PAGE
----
Engormix/Dairy Cattle/Technical articles

Pressure Distribution of Claws of Lactating Cows Standing on Different Types of Flooring

Published on: 5/24/2017
Author/s : Karl Nuss 1, Thomas Wiestner 2, Anita Bruderer 1, Sonja Hartnack 3. / 1 Department of Farm Animals; 2 Equine Department; 3 Section of for Epidemiology, Vetsuisse Faculty University of Zürich, Winterthurerstrasse 260, CH-8057 Zürich, Switzerland.
The incidence of lameness is so high in many dairy herds that treatment of all lame cows is not feasible (Horseman et al., 2013). Because soft barn flooring may alleviate the problem of claw horn lesions, we conducted a study to measure the ground reaction forces and pressure distribution in claws on 4 different surfaces.
Materials and Methods
Using a force plate and a pressure plate system, 12 lactating dairy cows were tested standing on a level hard surface, the same surface with a 3% incline toward the front legs, a level firm rubber mat and a level soft rubber mat. The latter mat was soft because of multiple, evenly-spaced, rubber projections on the underside of the mat. The vertical ground reaction forces were measured, and the mean and maximum pressures on the claw soles calculated separately for the fore and hind limbs. The pressures in the toe and heel regions of the lateral and medial claws were also calculated.
The four surfaces did not differ with respect to the pressure distribution recorded in the lateral and medial claws. The medial claws of the forelimbs and the lateral claws of the hind limbs consistently sustained significantly greater pressures than their partner claws. The heel regions of the medial forelimb and lateral hindlimb claws were exposed to the greatest pressure on all surfaces, with the exception of the soft rubber mat, where the mean pressure of the toe region of the lateral hind claw was slightly higher than that of the heel region. The mean pressures on the firm rubber mat and the maximum pressures on the soft rubber mat were significantly larger than on the other surfaces.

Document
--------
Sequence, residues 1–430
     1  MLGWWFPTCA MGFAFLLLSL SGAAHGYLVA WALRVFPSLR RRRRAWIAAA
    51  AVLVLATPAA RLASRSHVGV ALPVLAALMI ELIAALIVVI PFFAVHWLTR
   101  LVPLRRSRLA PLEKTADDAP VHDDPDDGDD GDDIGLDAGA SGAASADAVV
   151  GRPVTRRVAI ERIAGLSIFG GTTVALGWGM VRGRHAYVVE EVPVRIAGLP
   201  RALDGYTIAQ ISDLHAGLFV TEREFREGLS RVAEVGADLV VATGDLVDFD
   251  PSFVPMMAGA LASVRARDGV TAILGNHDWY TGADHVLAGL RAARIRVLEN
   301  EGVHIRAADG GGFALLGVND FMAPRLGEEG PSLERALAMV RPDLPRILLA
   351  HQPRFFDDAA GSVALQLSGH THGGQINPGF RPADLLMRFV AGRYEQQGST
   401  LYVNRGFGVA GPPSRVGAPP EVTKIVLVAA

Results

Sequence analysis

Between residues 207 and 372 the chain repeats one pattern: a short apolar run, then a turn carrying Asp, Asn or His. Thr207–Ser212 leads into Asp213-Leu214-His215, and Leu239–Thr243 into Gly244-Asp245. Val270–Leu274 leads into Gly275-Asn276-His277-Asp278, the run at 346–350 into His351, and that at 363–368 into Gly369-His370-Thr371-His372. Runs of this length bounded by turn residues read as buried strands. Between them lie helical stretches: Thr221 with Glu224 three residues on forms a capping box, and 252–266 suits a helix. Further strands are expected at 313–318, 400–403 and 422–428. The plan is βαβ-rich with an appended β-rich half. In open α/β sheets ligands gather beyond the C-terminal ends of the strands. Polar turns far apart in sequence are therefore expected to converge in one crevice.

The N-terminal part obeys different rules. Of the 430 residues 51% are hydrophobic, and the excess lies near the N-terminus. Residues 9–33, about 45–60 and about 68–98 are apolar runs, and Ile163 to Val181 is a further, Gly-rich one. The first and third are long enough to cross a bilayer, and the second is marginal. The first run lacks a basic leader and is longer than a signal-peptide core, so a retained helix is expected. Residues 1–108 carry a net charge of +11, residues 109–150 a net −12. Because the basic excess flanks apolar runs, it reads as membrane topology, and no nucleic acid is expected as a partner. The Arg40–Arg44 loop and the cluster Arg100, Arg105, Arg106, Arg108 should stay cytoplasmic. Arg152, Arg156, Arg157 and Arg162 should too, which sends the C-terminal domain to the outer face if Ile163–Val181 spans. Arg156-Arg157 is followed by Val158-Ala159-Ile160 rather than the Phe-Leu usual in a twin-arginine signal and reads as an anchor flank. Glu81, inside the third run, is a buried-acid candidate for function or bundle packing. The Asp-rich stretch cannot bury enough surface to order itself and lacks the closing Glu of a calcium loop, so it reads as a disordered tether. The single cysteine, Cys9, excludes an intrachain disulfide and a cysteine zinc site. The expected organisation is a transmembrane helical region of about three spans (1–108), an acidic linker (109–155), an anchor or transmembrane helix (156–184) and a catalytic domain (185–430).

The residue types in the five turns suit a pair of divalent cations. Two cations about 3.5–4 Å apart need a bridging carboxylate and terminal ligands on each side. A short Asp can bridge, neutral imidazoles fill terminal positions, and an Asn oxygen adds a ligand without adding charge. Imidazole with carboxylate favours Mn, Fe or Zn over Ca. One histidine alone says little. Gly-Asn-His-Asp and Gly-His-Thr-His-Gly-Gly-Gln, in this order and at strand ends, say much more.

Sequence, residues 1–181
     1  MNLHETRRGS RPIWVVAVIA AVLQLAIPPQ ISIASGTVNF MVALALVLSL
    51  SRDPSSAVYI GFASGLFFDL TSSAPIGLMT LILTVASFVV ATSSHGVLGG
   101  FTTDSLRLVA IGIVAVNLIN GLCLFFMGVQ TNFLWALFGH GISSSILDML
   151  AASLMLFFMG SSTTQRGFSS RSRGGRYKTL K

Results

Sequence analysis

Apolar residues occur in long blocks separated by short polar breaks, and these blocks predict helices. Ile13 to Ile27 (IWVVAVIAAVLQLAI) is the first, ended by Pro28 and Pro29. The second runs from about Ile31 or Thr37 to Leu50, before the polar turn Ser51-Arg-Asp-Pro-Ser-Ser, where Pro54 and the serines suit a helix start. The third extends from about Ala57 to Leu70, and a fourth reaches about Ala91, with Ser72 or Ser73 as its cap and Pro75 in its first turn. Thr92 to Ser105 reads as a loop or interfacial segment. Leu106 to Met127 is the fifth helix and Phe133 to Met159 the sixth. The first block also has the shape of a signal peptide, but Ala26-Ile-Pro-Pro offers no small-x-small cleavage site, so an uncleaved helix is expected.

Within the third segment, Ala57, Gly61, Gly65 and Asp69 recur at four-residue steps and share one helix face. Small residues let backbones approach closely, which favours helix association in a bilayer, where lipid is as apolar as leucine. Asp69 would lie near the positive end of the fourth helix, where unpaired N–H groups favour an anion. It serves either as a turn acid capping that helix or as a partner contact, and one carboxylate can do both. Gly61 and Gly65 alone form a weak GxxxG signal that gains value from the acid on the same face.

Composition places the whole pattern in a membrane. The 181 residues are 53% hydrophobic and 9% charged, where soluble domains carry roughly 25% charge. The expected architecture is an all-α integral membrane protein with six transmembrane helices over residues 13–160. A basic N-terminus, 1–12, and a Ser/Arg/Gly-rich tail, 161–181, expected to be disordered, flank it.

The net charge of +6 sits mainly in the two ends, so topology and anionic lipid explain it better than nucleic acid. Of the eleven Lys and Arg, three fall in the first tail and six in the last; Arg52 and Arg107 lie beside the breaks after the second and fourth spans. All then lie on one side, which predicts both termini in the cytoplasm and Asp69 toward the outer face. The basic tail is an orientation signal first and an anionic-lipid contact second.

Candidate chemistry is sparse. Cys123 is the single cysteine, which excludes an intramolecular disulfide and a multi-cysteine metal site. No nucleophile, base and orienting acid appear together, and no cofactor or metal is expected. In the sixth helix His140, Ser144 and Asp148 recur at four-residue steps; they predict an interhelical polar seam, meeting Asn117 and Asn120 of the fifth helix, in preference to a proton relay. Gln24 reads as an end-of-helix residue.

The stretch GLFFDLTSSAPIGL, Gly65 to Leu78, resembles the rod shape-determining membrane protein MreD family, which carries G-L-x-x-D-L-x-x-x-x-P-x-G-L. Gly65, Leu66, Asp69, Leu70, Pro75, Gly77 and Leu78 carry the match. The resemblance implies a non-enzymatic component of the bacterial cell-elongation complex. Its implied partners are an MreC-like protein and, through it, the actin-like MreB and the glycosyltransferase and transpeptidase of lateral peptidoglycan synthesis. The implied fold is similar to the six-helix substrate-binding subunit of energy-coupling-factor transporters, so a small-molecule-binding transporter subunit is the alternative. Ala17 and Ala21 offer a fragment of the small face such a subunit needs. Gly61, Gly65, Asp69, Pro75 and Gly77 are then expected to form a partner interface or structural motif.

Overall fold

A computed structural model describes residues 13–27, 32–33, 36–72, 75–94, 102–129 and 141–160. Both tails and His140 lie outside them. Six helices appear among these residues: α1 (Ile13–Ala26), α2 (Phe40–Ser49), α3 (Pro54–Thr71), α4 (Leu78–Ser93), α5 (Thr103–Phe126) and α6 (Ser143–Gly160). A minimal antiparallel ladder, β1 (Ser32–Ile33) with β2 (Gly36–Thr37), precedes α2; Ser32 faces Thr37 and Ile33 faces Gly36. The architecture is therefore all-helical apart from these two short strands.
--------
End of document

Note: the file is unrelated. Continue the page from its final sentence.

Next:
Conclusions and Discussion
The tested surfaces had no significant effects on the pressure distribution between paired claws, but one rubber mat had a modifying effect on mean and the other on maximum pressures. These findings can explain why sole ulcers still occur in herds kept on rubber flooring (Kremer et al., 2007), although they also can help to explain cow preferences for rubber flooring (Eicher et al., 2013; Vanegas et al., 2006).
1. Eicher, S.D., Lay, D.C., Arthington, J.D., Schutz, M.M., 2013. Effects of rubber flooring during the first 2 lactations on production, locomotion, hoof health, immune functions, and stress. Journal of Dairy Science 96, 3639-3651.
2. Horseman, S.V., Whay, H.R., Huxley, J.N., Bell, N.J., Mason, C.S., 2013. A survey of the on-farm treatment of sole ulcer and white line disease in dairy cattle. Vet J 197, 461-467.
3. Kremer, P.V., Nueske, S., Scholz, A.M., Foerster, M., 2007. Comparison of claw health and milk yield in dairy cows on elastic or concrete flooring. J Dairy Sci 90, 4603-4611.
4. Vanegas, J., Overton, M., Berry, S.L., Sischo, W.M., 2006. Effect of rubber flooring on claw health in lactating dairy cows housed in free-stall barns. J Dairy Sci 89, 4251-4258.
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